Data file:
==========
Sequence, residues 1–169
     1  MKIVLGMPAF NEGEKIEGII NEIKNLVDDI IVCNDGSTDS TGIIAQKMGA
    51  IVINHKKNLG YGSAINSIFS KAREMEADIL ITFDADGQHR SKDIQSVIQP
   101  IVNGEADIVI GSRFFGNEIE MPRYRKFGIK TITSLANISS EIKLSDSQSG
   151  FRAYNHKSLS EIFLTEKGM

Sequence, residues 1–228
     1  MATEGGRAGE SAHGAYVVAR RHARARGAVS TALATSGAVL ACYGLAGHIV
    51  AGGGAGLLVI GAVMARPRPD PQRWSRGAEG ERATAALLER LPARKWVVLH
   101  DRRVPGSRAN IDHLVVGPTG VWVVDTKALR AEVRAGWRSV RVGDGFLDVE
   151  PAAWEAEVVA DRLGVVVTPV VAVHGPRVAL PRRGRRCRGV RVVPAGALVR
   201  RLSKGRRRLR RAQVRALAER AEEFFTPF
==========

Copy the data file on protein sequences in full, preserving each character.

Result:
Sequence, residues 1–169
     1  MKIVLGMPAF NEGEKIEGII NEIKNLVDDI IVCNDGSTDS TGIIAQKMGA
    51  IVINHKKNLG YGSAINSIFS KAREMEADIL ITFDADGQHR SKDIQSVIQP
   101  IVNGEADIVI GSRFFGNEIE MPRYRKFGIK TITSLANISS EIKLSDSQSG
   151  FRAYNHKSLS EIFLTEKGM

Sequence, residues 1–228
     1  MATEGGRAGE SAHGAYVVAR RHARARGAVS TALATSGAVL ACYGLAGHIV
    51  AGGGAGLLVI GAVMARPRPD PQRWSRGAEG ERATAALLER LPARKWVVLH
   101  DRRVPGSRAN IDHLVVGPTG VWVVDTKALR AEVRAGWRSV RVGDGFLDVE
   151  PAAWEAEVVA DRLGVVVTPV VAVHGPRVAL PRRGRRCRGV RVVPAGALVR
   201  RLSKGRRRLR RAQVRALAER AEEFFTPF